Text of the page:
The surprising age group that is most reliant on Newstart

A $1.23 billion robodebt settlement was reached in 2022.

A $1.23 billion robodebt settlement was reached in 2022. Photo: AAP

For decades the popular stereotype of “dole bludgers” and “job snobs” in Australia has been of a bronzed surfer in Byron Bay or a stoned high school dropout on A Current Affair. 

But what if everything we knew about the people on the dole was wrong?

What if the largest single group of Australians on Newstart were not teenagers but over-55s?

That’s the reality according to National Seniors chief advocate Ian Henschke and Centrelink data.

As the aged pension age has risen, so has the number of unemployed older Australians. 

The data confirms there are now 173,196 people aged over 55 on Newstart. 

They are living on $275 a week or $39 a day. The benefit is worth $555 a fortnight.

Newstart has not increased in real terms since 1994, and there a growing calls for it to be lifted. Former Nationals leader Barnaby Joyce added his voice on Thursday, calling for a rise in Newstart, and a new rate for people in regional areas.

“Newstart is a hard life,” the government backbencher said.

To compare that with the aged pension, retirees get a base payment of $843, with supplements taking it to $926.20 a fortnight.

Simply by turning 67, older unemployed workers secure a possible $371 a fortnight increase. 

The real face of Australia’s unemployed is a mature-age worker.

These workers are likely to spend much longer on Newstart because they struggle to find full-time work again. In fact, some never do. 

“They are losing their jobs in their 50s. The government and the private sector seem to be fond of shedding what they call mature-age workers,” Mr Henschke said. 

The lowest age bracket in Australia based on the number of unemployed is the youngest. There are just 62,526 people aged between 21 and 24 on Newstart. 

Curiously, older workers have been largely ignored in the public discussion about the inadequacy of Newstart, National Seniors say.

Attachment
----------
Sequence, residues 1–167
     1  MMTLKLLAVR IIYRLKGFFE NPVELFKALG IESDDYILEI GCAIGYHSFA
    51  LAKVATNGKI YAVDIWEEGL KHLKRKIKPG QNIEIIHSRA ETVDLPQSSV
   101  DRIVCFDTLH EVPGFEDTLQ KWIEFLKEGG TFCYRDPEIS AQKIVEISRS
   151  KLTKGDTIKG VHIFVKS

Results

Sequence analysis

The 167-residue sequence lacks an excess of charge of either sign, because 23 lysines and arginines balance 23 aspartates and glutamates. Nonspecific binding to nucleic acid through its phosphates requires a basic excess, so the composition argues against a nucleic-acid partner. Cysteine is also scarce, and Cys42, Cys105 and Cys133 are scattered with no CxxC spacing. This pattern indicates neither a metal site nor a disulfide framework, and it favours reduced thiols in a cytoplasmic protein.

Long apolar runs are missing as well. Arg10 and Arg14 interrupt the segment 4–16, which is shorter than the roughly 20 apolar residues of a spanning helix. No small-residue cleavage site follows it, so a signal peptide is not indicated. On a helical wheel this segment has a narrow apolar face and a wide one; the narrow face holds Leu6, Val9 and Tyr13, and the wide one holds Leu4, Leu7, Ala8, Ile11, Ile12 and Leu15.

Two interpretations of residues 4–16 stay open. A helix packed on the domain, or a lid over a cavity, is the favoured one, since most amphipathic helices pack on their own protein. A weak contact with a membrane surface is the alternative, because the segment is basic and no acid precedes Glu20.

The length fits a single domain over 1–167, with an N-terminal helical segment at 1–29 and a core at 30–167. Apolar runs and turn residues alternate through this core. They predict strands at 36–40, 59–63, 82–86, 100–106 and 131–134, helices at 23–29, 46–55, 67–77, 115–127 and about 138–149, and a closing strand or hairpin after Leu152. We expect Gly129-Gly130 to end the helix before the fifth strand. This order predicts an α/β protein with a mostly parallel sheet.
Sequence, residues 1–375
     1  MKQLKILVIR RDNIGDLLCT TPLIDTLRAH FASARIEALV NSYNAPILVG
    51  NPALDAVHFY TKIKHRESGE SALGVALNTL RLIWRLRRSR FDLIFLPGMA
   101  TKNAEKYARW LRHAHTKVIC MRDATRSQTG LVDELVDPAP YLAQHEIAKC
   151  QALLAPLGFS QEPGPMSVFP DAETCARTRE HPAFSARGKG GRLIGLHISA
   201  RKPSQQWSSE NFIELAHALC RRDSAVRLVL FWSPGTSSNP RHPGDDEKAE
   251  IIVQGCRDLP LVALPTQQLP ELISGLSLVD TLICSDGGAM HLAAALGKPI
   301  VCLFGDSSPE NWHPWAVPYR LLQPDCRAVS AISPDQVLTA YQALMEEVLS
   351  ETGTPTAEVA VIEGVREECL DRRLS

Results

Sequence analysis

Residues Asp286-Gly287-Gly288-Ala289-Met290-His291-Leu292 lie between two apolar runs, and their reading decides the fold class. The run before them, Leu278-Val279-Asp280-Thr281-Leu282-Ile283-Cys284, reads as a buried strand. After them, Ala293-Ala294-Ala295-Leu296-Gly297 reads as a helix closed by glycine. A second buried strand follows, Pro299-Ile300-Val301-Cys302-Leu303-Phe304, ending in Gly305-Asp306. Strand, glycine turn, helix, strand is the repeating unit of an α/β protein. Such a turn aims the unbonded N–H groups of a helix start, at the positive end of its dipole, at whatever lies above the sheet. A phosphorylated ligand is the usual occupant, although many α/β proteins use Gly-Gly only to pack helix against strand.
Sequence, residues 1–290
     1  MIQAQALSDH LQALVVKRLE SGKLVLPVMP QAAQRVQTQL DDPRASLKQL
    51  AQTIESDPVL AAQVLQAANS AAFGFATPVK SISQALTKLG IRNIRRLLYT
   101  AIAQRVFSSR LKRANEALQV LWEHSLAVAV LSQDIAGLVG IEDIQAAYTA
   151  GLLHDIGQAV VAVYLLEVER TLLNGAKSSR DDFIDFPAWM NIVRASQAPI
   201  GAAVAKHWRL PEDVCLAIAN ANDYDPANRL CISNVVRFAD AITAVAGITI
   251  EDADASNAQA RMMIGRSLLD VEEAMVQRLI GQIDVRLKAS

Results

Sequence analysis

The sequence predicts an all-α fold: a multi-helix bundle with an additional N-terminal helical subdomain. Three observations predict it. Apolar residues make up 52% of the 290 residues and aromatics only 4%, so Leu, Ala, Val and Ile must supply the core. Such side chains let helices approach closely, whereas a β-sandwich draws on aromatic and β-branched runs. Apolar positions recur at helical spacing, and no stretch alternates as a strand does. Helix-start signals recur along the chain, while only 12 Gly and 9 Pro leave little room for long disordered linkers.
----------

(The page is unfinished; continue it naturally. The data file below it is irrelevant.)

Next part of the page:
“The inadequacy of Newstart is undermining the retirement income system. It’s pushing older workers into poverty as they head to retirement,” Mr Henschke said.

“This is especially the case for those who rent, who have not been able to accumulate significant savings and those facing high out-of-pocket health costs.

“The rate of Newstart has to be increased. It hasn’t been for decades. It’s time now to raise the rate.”

What’s also clear from the data is that when older Australians lose their job, they are also likely to spend more time unemployed. 

The Department of Social Services has found that the number of weeks spent on Newstart jumps sharply from the age of 40 and it keeps climbing higher the older you get. 

Under-25s spend on average 45 weeks – or just less than a year – on the dole, but by the age of 50 that has blown out to 188 weeks or close to four years. 

By the time that’s over, for many older Australians who can’t find work, it’s time to roll over to the pension. 

This year, the aged pension age is 66.

For many Australians that means more time on Newstart. 

One sign the Morrison government has grasped what’s going on is the rules have changed to allow older Australians on Newstart to satisfy the work activity test by volunteering. 

“They are working in op shops, for Meals on Wheels,” Mr Henschke said.

“They are basically getting $14,000 to volunteer, but many are chewing up their savings just before retirement.”

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